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Wedding Preparation: The Rehearsal



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By : Jimmy Cox    99 or more times read
Submitted 0000-00-00 00:00:00
The betrothed have usually had ample occupation in planning and preparing for the wedding. During the planning stages all major decisions are reached, all arrangements completed. Then the rehearsal follows, and finally - the wedding!

The Rehearsal

Everyone who will participate in the wedding is supposed to attend the rehearsal - the bride, the groom, honor attendants, best man, bridesmaids, ushers, children who will have any part, the bride's parents, the groom's parents, the clergyman (or clergymen, if more than one), the sexton, the organist, soloists or choir.

It is quite important to have a rehearsal. We know of a case where the wedding was to be in the home, that the clergyman did not think a rehearsal necessary, and the family did not know what to do without him. On the day of the wedding, ten minutes before the ceremony, the clergyman was telling everyone what to do and no one knew anything for certain. Everyone was nervous. The final result? Bedlam! This need never be.

Usually the rehearsal is held in church the night before the wedding, but it may be a day or so before. In the case of a Protestant ceremony, with no unusual procedures, the rehearsal will probably last no longer than an hour. For longer services, or in cases where some of the members of the wedding party will need instructions about procedures in a faith that is not their own, the rehearsal may last longer.

If there is to be a special candle lighting service, this should be rehearsed first. Ordinarily the tapers are lighted by a staff member of the church approximately a half-hour before the ceremony. Otherwise there are times when two young girls, or young men, friends or relatives of the bride and groom, make a special ceremonial march up the aisle and light the candles shortly before the two mothers are seated.

When the musical selection is concluded, the actual marriage ceremony takes place. During the rehearsal, the clergyman usually does not read the marriage service. He does explain to participants what will happen, and when, and gives them cues for their participation. Also, during the ceremony on the wedding day, the clergyman is wonderfully helpful about whispering and indicating what to do, in case anyone forgets. The bride and groom should try to speak clearly and audibly in repeating their vows and look directly at each other. The best man will produce the bride's ring at the appointed time (or take it from the ring bearer's pillow). If it is a double ring ceremony, the maid-of-honor will produce the groom's ring.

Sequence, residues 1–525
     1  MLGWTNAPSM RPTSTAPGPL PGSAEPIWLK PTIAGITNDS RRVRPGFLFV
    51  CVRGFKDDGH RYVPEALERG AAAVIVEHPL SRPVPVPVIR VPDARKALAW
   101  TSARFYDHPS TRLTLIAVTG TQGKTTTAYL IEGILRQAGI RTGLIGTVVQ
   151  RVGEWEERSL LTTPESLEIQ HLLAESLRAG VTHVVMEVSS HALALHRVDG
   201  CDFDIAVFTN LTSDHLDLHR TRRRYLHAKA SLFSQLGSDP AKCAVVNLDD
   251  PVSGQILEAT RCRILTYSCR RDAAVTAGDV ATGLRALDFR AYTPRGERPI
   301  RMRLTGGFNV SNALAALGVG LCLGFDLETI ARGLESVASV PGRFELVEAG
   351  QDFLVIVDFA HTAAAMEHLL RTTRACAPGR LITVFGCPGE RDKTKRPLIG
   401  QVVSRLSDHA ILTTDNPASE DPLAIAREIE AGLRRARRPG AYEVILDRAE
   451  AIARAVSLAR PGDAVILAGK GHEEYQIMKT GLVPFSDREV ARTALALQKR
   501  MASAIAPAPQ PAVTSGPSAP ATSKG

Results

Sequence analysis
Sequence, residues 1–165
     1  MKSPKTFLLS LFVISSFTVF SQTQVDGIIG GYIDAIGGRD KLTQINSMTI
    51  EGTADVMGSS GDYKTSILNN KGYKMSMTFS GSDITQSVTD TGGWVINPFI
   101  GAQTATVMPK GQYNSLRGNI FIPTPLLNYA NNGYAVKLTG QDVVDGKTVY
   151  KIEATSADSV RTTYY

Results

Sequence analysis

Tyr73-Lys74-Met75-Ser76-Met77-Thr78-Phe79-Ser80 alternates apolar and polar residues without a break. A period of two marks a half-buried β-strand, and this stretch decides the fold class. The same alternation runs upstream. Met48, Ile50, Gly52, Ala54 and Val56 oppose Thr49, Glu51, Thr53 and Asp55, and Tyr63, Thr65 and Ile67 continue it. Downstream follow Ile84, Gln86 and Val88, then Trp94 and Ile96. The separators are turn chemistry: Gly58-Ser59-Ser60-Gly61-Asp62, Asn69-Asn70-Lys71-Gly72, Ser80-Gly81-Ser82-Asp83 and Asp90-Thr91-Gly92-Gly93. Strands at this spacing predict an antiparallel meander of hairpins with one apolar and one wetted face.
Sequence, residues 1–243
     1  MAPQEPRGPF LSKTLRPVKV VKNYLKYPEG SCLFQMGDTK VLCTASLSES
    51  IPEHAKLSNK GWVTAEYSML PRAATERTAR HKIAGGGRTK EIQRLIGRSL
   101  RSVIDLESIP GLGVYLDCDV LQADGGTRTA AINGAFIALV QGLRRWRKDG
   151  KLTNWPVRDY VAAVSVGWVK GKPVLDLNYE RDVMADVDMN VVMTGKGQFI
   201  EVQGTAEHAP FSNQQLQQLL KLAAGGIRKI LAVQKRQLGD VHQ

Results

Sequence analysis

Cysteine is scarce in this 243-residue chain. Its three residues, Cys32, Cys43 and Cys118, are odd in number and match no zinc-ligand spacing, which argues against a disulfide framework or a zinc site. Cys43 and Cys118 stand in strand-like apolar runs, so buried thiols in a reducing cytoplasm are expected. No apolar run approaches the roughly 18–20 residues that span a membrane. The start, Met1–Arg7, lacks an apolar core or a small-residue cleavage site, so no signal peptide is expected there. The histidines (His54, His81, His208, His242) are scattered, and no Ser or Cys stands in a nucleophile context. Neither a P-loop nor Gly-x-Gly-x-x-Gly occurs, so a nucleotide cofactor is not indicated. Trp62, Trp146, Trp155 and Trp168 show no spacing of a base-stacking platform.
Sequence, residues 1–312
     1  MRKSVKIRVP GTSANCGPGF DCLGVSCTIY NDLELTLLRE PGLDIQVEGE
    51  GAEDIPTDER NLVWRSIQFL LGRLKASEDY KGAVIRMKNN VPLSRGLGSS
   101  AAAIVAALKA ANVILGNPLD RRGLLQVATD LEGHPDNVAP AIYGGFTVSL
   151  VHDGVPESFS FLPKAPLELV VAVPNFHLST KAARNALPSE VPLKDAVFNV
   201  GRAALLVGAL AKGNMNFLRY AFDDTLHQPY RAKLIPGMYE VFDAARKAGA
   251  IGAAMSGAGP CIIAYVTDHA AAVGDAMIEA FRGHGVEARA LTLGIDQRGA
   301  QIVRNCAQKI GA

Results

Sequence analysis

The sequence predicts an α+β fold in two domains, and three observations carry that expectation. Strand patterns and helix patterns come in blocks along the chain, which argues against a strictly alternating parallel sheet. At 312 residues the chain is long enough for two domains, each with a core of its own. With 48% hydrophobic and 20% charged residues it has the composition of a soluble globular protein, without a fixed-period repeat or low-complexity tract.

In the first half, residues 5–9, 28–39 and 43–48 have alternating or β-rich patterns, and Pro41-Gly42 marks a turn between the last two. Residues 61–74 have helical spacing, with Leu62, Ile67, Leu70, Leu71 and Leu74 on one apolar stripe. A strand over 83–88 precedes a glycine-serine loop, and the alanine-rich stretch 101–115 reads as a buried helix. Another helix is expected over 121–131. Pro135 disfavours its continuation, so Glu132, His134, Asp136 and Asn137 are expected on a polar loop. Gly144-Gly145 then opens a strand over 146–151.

Reminders

1. It is important to remember that when you are instructed to turn, always turn so that you face the altar as you do so.

2. It is very helpful to have the formation of the receiving line clearly understood before the reception. (The rehearsal might be a good time to discuss this.)

3. The bride never wears her engagement ring on her third finger, left hand for the marriage ceremony as the wedding ring must not be put on top of the engagement ring. Usually she wears it on her right hand under her glove. The ring finger on the left hand is customarily split to leave that finger exposed for the ring ceremony. The bride groom usually slips the engagement ring back on the bride's third finger left hand, over her wedding ring, in the car on the way to the reception.

4. Traditionally, the groom does not see the bride on her wedding day before the ceremony.

If you have had a rehearsal, most of the fine tuning for the wedding can be accomplished so that the big day goes ahead without a hitch.
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